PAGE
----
Current and Future Applications of Artificial Intelligence in Oncology

Applications of AI

Nearly every area of ​​our lives and our patients’ lives is being affected by the increasing use of artificial intelligence (AI), whether we are explicitly aware of it or not. In healthcare, AI-based tools have already been implemented clinically in various specialties, including radiology, pathology, and dermatology. With a significant increase in capabilities and related applications, the use of AI has expanded from primarily diagnosis and screening to prognosis, treatment monitoring, and even treatment selection. With the increasing availability of “big data” sets, the use of AI in research settings has expanded to include new applications such as radiological and histological evaluation, drug discovery and development, and novel biomarker and genomic prediction algorithms. Such applications have further opened up the possibility of developing tumor-agnostic therapies targeting novel genomic and/or microenvironment signatures. Finally, the use of AI at a systems level has the potential to improve healthcare delivery in response to the growing diverse community affected by cancer.

The digitization of histology slides is also expanding the use of AI in pathology. The Cancer Genome Atlas is one of the largest biorepositories, containing more than 10,000 digital pathology images from more than 20 cancer types, along with associated clinical and genomic data. Several studies are using this and other repositories to develop diagnostic, prognostic, and predictive AI models that identify subtle histological features and patterns. This approach allows new digital pathology and genomic biomarkers to be developed and, once validated, used for diagnosis and treatment monitoring. For example, with the increasing use of immunotherapy and recently approved antibody-drug conjugates (e.g., trastuzumab deruxtecan, Enhertu), AI technologies can aid in treatment selection by accurately quantifying PD-1 expression in the tumor microenvironment and tumor cell expression of low or very low levels of HER2 in digital pathology images. Finally, the use of AI techniques to analyze genomic biomarkers (outside of histology) is an exciting area of ​​development for treatment selection and could be crucial in advancing new screening technologies that rely on genomic patterns detected in extracellular DNA, i.e. the much-needed “cancer screening blood test.”

One of the most exciting, yet challenging areas of AI use in oncology is treatment selection and monitoring. Currently, several platforms are used for early drug discovery, processing clinical, genomic, and proteomic data to identify therapeutic targets and select relevant molecules for further development. In the clinical setting, AI tools can help predict treatment resistance based on patient and tumor characteristics, as well as ex vivo testing of biopsy samples. Incorporating new biomarker datasets beyond bulk tumor sequencing, such as single-cell sequencing to distinguish tumor and microenvironment components, may reduce the need for tissue samples in future AI-based treatment prediction tools. Personalized drug dosing is another exciting potential use of AI in oncology, with tools currently under development leveraging large datasets that include host factors (e.g., body mass index, comorbidities, functional status), patient-reported outcomes, and side-effect profiles in addition to traditional clinicopathological features.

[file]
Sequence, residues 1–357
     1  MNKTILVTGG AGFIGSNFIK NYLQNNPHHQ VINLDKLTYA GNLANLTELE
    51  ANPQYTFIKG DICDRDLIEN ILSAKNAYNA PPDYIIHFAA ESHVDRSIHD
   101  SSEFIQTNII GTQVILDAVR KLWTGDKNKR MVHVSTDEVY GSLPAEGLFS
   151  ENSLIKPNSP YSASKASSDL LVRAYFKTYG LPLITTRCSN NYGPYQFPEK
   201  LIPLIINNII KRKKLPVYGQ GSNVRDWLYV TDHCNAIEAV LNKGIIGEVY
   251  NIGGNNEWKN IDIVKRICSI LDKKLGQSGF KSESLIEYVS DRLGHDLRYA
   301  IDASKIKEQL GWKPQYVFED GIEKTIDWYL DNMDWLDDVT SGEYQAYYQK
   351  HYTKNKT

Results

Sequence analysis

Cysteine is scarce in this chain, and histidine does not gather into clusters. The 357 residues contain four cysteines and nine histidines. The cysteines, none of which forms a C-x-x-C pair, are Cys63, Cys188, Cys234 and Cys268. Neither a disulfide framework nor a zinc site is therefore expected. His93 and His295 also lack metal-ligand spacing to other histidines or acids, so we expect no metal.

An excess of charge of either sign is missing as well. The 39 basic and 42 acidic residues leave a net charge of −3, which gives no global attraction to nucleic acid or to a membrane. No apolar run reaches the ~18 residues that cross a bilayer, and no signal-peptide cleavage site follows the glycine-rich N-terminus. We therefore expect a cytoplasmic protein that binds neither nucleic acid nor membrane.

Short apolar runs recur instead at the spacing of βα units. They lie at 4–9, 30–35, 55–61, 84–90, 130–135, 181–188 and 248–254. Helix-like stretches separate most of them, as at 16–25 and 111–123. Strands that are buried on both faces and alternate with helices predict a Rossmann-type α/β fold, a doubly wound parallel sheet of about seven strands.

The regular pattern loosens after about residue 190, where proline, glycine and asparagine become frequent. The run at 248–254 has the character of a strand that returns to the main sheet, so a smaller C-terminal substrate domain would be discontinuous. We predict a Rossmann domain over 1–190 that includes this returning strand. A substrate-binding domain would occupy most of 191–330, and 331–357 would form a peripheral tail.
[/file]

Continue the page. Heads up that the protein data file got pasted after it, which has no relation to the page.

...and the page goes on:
AI holds great promise, but several key challenges must be addressed to continue to scale AI technology in clinical implementation. First, datasets, including digitized images, must be standardized in terms of variables, quality, processing and storage procedures, and other parameters to maximize the potential of deep learning. Second, many diagnostic and predictive models derived from AI require validation before large-scale clinical implementation is possible. To include broad and diverse datasets in AI modeling, transparency and trust regarding privacy and data use must be well established. The legal and ethical implications of the use of AI in healthcare are evolving and must continue to be centrally addressed as AI applications expand. Related to privacy and trust, it is essential to include underrepresented minority populations in training datasets or to have dedicated datasets that can be included in machine learning to create equity in the application of AI. Finally, the framework within which AI is implemented must enhance, rather than overshadow, oncologists and patient-centered decision making. The potential of AI in oncology is very promising across multiple domains, but human ingenuity is needed to realize this potential to the fullest.

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